Monday, July 14, 2008

Once Upon A Warning Label

I suppose I can cross Australia off my list of places I can seek refuge if the situation in the US gets any nuttier. Yeah, I won't be heading there anytime soon. I thought that there were too many people in this country who needed to be wearing a helmet at all times (even when they sleep. Yes, that is correct.), but Australia seems to be indicating that they are in dire need of a helmet shipment. That's because teachers in Australia are (and I'll quote from the fine folks down under at " being urged to give children safety messages after reading them fairy tales warning not to copy characters such as Little Red Riding Hood, Goldilocks and Hansel and Gretel."

Oh, f-ing hell. WHAT?

Apparently, this is part of a "new child protection curriculum" (also known, by me, as "Foolproof Ways To Make Children Neurotic") which the Education Department is implementing in the schools and which has been backed by "child development experts". These "experts" also seem to think that the "curriculum" should require the teachers "to refer to children's "sexual parts" and use their correct anatomical names with children as young as three." Um, I'm sorry, I must have missed the part about WHY on earth a teacher would need to be speaking to a child AT ALL, really, about their "sexual parts"? (And just for those that are at or above the mature age of three. Anything younger than three and it's still "Mister Willy".)

The goal of this asinine implementation is to "teach the children early warning signs of being unsafe and recognizing abuse." And while that may seem like a fine idea and a noble gesture (even though it doesn't and it isn't), I have an easier way to accomplish that. It's called "Being A Kid". When you climb on top of the house and look over the edge as you contemplate how you want to jump off the roof and onto the trampoline two stories below, that is when you will learn about "being unsafe". When the other kids beat you up for being such a wuss, that's when you will "recognize abuse". Happens every day, everywhere. Guaranteed. No program necessary. Unless you're in freaking Australia, for cryin' out loud!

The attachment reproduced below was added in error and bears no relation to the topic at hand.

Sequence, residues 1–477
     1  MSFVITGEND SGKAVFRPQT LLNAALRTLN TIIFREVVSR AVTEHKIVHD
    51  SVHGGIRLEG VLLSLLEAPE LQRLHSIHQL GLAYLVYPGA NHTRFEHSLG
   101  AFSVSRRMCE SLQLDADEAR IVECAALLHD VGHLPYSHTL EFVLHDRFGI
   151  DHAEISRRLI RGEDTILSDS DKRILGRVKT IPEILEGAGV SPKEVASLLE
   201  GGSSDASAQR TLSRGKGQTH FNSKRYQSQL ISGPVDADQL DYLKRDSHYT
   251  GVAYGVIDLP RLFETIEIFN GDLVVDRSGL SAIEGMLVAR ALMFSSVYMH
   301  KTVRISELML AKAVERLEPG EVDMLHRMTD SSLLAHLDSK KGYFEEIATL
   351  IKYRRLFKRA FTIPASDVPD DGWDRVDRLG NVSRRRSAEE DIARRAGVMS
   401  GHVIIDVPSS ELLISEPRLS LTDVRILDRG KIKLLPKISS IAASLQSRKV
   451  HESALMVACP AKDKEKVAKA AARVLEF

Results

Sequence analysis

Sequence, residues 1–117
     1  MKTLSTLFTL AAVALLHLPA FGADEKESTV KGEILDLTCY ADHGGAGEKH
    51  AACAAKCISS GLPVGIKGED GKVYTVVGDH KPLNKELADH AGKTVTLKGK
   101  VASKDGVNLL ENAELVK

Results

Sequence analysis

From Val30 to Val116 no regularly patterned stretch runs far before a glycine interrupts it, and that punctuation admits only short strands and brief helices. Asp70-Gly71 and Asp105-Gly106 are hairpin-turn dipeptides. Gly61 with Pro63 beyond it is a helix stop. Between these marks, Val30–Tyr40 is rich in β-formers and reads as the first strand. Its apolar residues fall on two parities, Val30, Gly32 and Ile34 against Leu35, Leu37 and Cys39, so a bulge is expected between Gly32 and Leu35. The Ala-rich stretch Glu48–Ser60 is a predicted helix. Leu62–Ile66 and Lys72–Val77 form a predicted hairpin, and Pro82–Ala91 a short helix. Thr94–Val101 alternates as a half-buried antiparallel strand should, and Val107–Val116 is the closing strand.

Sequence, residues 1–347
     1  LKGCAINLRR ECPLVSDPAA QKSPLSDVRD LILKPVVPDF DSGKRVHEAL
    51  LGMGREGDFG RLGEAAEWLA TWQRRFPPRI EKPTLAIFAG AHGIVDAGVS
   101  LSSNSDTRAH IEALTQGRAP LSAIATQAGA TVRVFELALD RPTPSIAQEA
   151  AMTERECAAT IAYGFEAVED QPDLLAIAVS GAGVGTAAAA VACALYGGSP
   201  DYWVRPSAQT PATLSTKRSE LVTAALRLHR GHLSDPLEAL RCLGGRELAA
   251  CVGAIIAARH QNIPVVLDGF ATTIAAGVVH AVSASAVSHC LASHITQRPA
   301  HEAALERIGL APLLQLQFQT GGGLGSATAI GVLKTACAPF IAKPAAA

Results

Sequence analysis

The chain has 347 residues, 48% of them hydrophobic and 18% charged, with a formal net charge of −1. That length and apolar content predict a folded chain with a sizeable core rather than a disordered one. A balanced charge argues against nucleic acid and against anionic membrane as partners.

The teachers have been trained to beware of stories and books where there are children putting themselves in dangerous situations. Like that clueless Little Red Riding Hood chick who was just traipsing about the forest and talking to the Big Bad Wolf (whom she did not know, thus making him "a stranger"). Or those little troublemakers Hansel and Gretel. The nerve of them, walking into houses when they don't know who lives there and haven't been invited in. Tragedy in the making. Read that to a group of kids and you'll find your town swamped with home invasions as soon as school lets out for the day, right? (Um, no.)

The Education Department consulted with the Emeritus Professor of Child Development at UniSA, Professor Freda Briggs, and she supported the measures, and called for them to be implemented nationwide! How exciting! According to the Professor (who I'm going to call Fred, mainly because if she were ever to read something where she was referred to as "Fred", I think it would highly irritate her), "This is about appropriately empowering the child." Well, it's clearly not, but if it were, I'd say you were doing it wrong. (By the way, that's her over there on the right. About what you expected, isn't she?)

As far as using the correct anatomical names with three year olds, Fred says, "Kids are talking about sex at age five now. It's so in-your-face, I'm afraid that innocence is gone. They are sexualised younger and younger." (Of course, my solution to that is "make them stop". Who are the adults here? No, seriously. I'm getting confused.) Fred continues along those same lines with, "We need to use correct body terms because by giving children silly names or names that only the family understands, you're telling your child that you can't cope with talking about it. How does a child get help if nobody understands?" Come on! Is that really a problem? There have got to be at least a couple of hundred different terms for "penis". At least. And I'd be willing to go out on a limb and say that most of us have heard most of them and the ones that we haven't heard of, I'll bet we could figure it out pretty quickly. And even if we couldn't, there's always the universal language of pointing. Rarely does it ever fail, especially when referring to one's own penis.

This is asinine. These are little kids. Can't they just hear a story for fun just because it's a story? Me, personally, I'd rather hear a story than, say, the news. Hands down, I'll take the story every time. And that's because stories are fun. And little kids really like things that are fun. (And fun things, when you're three, do not involve the word "penis", nor the actual item, "the penis".) But now the Aussies are in for Mother Goose with warning labels and Aesop with a penis. Grand.

From coast to coast in Australia, children as young as three will be able to hear the words "penis" AND "vagina" while they're in school learning that if you're walking along through the forest, even if you see a cottage with three steaming bowls of porridge inside, don't go inside! Oh, I'm sure the Australians feel safer already!

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